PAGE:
Banking giant HSBC is to pay a 15 million US dollar (£12 million) penalty after being charged by US authorities over record-keeping failures.
The US Securities and Exchange Commission (SEC) charged the London-listed bank over “widespread and longstanding failures” by the firm and employees “to maintain and preserve electronic communications”.
The SEC also charged US brokerage firm Scotia Capital with similar failings resulting in a 7.5 million dollar penalty.
Investigations by the SEC found “pervasive and longstanding use of off-channel communications at both firms”, with them admitting that employees often communicated about business matters on personal devices and with messaging platforms such as Whatsapp.
It said neither firm preserved the “substantial majority” of these communications, violating US security laws.
“Today’s actions should not only remind firms of the importance of following SEC recordkeeping requirements, but also the value of disclosing violations when they do occur,” said Gurbir S Grewal, director of the SEC’s division of enforcement.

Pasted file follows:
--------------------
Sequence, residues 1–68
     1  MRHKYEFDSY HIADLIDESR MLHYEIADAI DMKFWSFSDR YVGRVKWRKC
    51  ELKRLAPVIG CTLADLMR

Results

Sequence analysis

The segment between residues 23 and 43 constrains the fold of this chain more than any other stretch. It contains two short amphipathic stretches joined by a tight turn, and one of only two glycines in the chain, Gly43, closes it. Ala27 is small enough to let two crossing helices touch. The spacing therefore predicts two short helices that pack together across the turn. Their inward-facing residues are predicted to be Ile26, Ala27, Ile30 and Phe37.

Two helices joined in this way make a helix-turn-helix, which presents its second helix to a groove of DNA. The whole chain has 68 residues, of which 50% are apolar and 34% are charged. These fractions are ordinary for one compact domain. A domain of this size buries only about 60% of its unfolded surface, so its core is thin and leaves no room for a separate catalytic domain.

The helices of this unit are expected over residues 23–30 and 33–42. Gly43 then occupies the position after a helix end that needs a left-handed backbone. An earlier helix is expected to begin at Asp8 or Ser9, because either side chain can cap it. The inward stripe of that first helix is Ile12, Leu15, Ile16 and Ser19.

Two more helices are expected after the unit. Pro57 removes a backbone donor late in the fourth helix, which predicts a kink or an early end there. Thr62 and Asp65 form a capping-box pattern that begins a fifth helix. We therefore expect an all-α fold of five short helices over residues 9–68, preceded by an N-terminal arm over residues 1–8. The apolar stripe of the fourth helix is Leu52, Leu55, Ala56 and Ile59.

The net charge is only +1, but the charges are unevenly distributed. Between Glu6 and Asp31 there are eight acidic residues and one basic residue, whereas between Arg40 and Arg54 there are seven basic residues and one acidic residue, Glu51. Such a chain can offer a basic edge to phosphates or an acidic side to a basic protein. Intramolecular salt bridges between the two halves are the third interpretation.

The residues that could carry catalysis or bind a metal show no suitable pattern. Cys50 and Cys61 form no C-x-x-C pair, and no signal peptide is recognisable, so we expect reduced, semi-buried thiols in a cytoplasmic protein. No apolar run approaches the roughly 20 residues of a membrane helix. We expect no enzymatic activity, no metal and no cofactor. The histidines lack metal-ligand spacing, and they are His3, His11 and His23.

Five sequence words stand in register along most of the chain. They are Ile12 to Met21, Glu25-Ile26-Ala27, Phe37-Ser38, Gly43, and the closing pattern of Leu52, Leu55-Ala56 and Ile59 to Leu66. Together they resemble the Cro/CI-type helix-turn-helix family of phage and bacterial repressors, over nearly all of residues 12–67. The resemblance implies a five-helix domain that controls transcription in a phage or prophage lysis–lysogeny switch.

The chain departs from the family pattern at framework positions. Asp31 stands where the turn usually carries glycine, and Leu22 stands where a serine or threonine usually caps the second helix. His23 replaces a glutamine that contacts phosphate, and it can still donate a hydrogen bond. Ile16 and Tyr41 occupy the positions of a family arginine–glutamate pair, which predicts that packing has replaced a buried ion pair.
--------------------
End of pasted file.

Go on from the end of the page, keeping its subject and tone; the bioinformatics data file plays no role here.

“Both HSBC and Scotia Capital self-reported and self-remediated their recordkeeping violations, and the reduced penalties in these cases reflect their efforts and co-operation.
“As we continue our efforts to ensure compliance with the commission’s essential recordkeeping requirements, we encourage other firms to take note and likewise self-report.”
An HSBC spokeswoman said: “The bank is pleased to put these matters behind us, and we appreciate that both the SEC and CFTC (Commodity Futures Trading Commission) recognise our commitment to remediating our internal controls when needed.
“In recent years, we have made significant investments in enhancing our compliance procedures and have worked diligently to maintain the highest standards for professional conduct throughout our organisation.”